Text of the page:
Thursday, 6 March 2014

Participating and Observing

Anthropologist at work.

Participant-observation is anthropologists’ preferred method of gathering data. Basically, we live among the people we study and take part in their lives. In this blog, I explain participant-observation by taking the example of my co-researcher, Dr Monika Winarnita.

Participating and observing.
Anthropologists generally gather, analyse, or debate about data they gain through fieldwork. This fieldwork takes a special form. It is not through surveying people, creating a focus group, or through observing people through a telescope. Rather, fieldwork takes the form we call “participant-observation”. We also use the word "ethnography" in one of its senses, to refer to the same thing.

In Perth, Australia, 2007
What is this thing? Anthropologists observe human life and, where possible, participate. Anthropologists live among the people they study and spend a lot of time just 'hanging out' and chatting. For example, before her research on Home Island, Dr Monika Winarnita’s first fieldwork project was a study of Indonesian women migrants in Perth. Monika is an Indonesian woman who has migrated to Australia, so you could say she was studying her ‘own people’. The women she studied were in a dance troupe, so Monika rehearsed and performed with the group. In the photograph she is being taught a dance from Banyuwangi, Indonesia (the place, coincidentally where I did my fieldwork 2001-2002, so I joined in on this one).She also spent a lot of time off-stage just hanging out with the members. She wrote up her analysis in various forums including her PhD dissertation. This included AV material of her troupe rehearsing and dancing.

Participating in daily life on Home Island. 
Doing participant-observation, we try to fit in as much as possible. This is facilitated through learning the local language/dialect (if the anthropologist is not already proficient).  In this photo, you can see Monika preparing for a Batang Buruk [sic.] cake, a month in advance of the wedding where it will be servedThe general principle is "when in Rome, do as the Romans do".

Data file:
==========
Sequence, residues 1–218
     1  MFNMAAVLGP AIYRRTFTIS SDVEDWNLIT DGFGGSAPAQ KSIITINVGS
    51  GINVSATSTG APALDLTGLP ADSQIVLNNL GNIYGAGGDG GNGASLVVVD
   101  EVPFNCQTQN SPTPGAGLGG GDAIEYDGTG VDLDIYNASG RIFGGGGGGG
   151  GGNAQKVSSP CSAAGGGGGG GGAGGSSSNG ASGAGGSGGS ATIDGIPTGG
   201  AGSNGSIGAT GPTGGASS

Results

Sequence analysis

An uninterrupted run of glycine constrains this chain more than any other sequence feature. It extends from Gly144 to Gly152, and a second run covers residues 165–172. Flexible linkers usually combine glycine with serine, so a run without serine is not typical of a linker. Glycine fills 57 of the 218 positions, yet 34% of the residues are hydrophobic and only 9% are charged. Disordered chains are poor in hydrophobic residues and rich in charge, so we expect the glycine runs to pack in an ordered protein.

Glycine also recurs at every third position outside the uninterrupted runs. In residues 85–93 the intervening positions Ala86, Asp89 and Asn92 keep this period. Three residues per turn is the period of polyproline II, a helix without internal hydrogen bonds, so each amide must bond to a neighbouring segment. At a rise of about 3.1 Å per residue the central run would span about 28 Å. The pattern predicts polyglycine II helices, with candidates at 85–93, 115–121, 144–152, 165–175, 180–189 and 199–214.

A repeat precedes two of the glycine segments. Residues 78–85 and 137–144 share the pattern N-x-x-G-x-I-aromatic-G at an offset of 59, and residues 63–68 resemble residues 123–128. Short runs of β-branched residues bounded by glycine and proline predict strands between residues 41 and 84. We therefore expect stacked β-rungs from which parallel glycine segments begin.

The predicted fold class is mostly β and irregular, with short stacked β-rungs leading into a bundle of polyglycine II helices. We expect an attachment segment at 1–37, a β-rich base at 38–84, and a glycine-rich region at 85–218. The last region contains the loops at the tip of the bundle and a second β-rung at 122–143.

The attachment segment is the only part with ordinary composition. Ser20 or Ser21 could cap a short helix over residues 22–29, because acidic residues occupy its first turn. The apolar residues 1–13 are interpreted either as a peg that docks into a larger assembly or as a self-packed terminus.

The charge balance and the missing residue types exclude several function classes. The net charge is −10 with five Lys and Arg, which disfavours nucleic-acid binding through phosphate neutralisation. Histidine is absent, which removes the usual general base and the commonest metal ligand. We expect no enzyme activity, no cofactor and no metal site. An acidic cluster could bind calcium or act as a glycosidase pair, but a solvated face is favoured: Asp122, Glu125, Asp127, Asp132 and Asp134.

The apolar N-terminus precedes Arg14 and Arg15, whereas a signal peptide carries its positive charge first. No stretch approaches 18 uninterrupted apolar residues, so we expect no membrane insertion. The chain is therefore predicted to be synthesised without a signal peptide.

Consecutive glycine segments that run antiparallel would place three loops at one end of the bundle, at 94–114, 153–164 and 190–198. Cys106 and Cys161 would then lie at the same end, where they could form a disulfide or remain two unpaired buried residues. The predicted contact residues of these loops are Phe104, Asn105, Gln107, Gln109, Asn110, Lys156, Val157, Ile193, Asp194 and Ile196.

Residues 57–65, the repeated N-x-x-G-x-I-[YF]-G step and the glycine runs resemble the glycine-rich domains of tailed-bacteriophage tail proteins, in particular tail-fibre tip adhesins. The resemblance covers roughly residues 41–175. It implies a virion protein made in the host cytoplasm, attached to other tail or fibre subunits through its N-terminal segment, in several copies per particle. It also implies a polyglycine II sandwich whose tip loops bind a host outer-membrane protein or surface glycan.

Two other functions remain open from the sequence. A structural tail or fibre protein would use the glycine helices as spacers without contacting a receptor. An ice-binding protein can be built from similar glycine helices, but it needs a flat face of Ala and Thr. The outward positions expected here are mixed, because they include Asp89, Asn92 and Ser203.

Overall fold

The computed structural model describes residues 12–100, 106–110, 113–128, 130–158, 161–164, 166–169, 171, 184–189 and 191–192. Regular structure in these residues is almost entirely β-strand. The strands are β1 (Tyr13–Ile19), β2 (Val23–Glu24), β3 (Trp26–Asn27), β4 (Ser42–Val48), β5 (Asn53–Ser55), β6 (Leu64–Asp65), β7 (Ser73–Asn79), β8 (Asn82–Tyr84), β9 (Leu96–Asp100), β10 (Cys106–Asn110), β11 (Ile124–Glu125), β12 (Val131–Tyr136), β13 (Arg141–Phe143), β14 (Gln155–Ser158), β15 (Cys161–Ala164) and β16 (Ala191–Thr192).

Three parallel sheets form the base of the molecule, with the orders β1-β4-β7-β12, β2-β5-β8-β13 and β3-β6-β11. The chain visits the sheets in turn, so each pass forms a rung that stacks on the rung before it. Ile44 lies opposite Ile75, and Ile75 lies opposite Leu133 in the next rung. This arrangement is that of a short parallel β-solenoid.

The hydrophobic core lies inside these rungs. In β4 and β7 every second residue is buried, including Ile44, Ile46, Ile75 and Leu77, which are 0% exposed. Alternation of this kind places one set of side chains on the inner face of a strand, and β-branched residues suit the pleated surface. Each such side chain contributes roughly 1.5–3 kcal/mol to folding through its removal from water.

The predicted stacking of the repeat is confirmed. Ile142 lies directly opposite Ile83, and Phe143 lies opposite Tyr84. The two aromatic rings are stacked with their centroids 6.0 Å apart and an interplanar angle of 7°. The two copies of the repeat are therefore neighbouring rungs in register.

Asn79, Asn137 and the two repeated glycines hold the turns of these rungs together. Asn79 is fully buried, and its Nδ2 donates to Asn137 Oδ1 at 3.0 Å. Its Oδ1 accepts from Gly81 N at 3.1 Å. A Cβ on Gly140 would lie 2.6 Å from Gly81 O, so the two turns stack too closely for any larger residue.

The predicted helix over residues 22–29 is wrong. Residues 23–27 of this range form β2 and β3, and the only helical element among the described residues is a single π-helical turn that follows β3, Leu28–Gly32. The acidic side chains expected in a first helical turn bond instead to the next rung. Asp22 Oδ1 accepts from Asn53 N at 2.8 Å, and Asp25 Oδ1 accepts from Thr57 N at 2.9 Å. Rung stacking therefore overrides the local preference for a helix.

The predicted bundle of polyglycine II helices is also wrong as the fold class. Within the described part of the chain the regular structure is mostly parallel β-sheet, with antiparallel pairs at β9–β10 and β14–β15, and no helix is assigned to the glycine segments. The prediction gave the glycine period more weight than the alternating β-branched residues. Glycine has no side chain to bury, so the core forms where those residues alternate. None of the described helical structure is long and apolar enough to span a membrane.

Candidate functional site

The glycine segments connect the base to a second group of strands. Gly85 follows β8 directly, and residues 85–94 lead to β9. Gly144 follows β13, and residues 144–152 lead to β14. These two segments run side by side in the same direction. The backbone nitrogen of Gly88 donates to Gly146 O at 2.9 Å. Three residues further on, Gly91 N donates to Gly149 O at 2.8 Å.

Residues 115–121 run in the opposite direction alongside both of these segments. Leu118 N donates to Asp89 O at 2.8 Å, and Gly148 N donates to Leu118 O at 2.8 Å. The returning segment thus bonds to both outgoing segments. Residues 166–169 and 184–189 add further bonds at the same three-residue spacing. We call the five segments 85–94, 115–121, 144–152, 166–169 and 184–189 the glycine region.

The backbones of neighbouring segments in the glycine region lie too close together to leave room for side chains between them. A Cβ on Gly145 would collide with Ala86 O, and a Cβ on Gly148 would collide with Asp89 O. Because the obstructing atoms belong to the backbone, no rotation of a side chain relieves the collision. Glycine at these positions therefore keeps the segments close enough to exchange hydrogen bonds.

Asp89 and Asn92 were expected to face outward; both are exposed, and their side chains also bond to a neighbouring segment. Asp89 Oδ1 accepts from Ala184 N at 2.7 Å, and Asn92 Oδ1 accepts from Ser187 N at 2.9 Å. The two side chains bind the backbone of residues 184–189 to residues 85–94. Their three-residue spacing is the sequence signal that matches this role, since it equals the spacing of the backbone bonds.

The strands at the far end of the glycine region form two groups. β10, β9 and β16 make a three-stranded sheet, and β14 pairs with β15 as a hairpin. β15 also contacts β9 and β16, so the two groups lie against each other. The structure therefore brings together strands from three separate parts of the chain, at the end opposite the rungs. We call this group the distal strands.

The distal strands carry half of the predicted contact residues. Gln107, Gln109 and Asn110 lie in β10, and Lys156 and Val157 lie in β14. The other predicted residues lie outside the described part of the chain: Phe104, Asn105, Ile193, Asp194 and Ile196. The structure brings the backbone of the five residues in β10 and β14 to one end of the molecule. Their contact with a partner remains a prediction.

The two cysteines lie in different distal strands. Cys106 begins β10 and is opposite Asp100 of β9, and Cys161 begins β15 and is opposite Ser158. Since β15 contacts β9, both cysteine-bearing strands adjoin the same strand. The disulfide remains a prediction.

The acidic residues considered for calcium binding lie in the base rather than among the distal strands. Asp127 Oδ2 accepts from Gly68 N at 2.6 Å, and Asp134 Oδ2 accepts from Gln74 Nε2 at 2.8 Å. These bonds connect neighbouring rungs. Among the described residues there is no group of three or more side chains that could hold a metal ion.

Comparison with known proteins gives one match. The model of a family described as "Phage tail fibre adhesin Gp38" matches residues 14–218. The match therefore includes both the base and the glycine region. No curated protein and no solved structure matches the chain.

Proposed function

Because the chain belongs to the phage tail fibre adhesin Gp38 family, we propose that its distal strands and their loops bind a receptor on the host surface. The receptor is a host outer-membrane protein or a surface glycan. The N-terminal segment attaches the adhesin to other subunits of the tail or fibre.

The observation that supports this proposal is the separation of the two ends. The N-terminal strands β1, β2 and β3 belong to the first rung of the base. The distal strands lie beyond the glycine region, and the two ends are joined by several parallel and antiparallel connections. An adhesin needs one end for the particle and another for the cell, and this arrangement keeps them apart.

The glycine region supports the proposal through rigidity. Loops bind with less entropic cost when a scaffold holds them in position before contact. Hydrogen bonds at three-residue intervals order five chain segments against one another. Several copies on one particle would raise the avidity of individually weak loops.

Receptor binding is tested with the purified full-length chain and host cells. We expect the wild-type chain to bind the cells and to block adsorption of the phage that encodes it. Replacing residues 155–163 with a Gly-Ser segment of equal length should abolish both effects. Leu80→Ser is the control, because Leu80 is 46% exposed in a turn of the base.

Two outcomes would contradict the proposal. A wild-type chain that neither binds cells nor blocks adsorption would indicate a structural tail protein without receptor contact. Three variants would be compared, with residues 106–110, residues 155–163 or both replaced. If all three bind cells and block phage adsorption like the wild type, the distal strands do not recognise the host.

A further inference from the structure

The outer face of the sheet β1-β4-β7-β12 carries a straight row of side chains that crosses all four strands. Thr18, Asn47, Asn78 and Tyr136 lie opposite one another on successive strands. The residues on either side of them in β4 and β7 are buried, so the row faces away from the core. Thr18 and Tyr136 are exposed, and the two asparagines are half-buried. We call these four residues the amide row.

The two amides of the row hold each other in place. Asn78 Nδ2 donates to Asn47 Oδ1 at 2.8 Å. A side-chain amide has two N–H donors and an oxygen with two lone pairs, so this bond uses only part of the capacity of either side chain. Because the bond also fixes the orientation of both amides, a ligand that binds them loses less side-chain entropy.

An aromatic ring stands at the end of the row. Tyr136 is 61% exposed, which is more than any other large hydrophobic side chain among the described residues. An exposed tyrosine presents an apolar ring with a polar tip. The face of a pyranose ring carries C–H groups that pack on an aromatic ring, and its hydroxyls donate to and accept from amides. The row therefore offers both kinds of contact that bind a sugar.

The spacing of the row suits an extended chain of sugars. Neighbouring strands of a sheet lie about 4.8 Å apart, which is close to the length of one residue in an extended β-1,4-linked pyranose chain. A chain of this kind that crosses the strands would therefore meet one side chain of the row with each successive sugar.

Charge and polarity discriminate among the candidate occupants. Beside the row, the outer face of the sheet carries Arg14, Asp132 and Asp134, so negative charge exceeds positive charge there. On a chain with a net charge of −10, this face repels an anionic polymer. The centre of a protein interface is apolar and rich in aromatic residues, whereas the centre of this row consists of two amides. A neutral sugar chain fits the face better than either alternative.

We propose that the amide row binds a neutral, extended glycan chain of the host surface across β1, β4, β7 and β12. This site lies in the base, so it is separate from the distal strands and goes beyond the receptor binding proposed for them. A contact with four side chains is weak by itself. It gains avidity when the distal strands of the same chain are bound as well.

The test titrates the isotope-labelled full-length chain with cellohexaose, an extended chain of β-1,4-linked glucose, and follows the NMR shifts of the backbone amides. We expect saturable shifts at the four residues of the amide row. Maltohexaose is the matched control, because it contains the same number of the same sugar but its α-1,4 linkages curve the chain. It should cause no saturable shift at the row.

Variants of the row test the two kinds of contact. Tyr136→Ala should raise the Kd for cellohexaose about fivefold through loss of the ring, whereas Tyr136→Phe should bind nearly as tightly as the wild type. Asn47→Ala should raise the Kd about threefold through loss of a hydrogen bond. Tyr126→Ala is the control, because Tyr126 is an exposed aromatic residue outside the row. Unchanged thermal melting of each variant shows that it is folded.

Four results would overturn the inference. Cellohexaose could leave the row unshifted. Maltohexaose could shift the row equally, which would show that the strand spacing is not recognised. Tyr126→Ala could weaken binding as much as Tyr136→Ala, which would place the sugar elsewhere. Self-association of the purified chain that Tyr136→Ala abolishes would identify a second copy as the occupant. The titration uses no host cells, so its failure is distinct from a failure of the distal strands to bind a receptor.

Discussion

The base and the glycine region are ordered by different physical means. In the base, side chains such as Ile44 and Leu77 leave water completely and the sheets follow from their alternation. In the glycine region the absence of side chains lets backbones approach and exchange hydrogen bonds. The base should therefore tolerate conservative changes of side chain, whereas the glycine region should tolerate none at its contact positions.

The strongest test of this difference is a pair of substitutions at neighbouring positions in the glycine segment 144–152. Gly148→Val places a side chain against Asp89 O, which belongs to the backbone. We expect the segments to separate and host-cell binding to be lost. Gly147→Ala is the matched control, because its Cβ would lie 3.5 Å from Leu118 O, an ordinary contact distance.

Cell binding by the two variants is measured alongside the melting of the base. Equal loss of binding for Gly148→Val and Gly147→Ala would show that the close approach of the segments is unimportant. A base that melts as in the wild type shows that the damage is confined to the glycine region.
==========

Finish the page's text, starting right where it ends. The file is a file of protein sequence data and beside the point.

Making a family tree.
Nevertheless, we also do things Romans don't necessarily do.  We often interview people, take photos of mundane settings, record AV material, draw sketches and maps, keep families trees (a.k.a. genealogies), and so on. With regard to family trees, for example, anthropologists used to record them with a pen and paper. Now, in many situations we work in (e.g. hospital waiting rooms or bicycle enthusiasts), genealogies are decreasingly relevant. Yet they still prove useful where family is an important form of social organisation. And, where this is the case, we have software to help us (see my Blog "Naming and Binding"). Here Monika is creating a family tree, with the help of Mak Sari.  Aside form this, we'll keep a journal and field notes every night; or at least try to! In these ways, anthropologists may supplement data obtained from participant-observation.

At school
Participant-observation is what happens when anthropologists interact with the people they study. Our job is not to capture customs and ritual unaffected by the outside world. For example, I go to a kenduri (a Malay ritual) then sit down and watch Western Australian regional televisions with advertisements for “Aussie” sheep farmers. This kind of thing interests us, because participant-observation is about the changes and various influences in society and culture as much as what stays the same. Also, the data we gather is about what happens when we, as anthropologists, interact with local people. We cannot, and do not especially want to, observe the culture in a 'pristine' state. So the 'data' of participant-observation is not neutral, unbiased vision of a culture; rather it is the result of the interactions between the anthropologist and the people who are studied.

On Facebook.
For example, over the past decade, human interaction has been increasingly mediated through social media. Indeed, some communities exist only online. Some members of the Home Island community, especially wives,  interact through Facebook. There is also a large (compared to the size of the Home Island population), Cocos Malay diaspora who use Facebook to stay in contact. So her fieldwork requires spending time on the Internet.

Chatting with Nek Iman

Why do anthropologists do participant-observation? We think it helps us 'put ourselves in their shoes'--to understand the world from the perspective of the people we study. We hope to experience how they understand the world and their place in it and how the society they act within is ordered. The aim is to contribute to understanding cultural and social aspects of being human. Many anthropologists find the experience of fieldwork extremely challenging and rewarding--for many, it changes their lives in profoundly positive ways.

Family meal with Haji Wahibb, Hajah Atie and their son Alfin.


  1. kampung = neighbourhod/ village
    kangkung = vegatable grown wild in side of river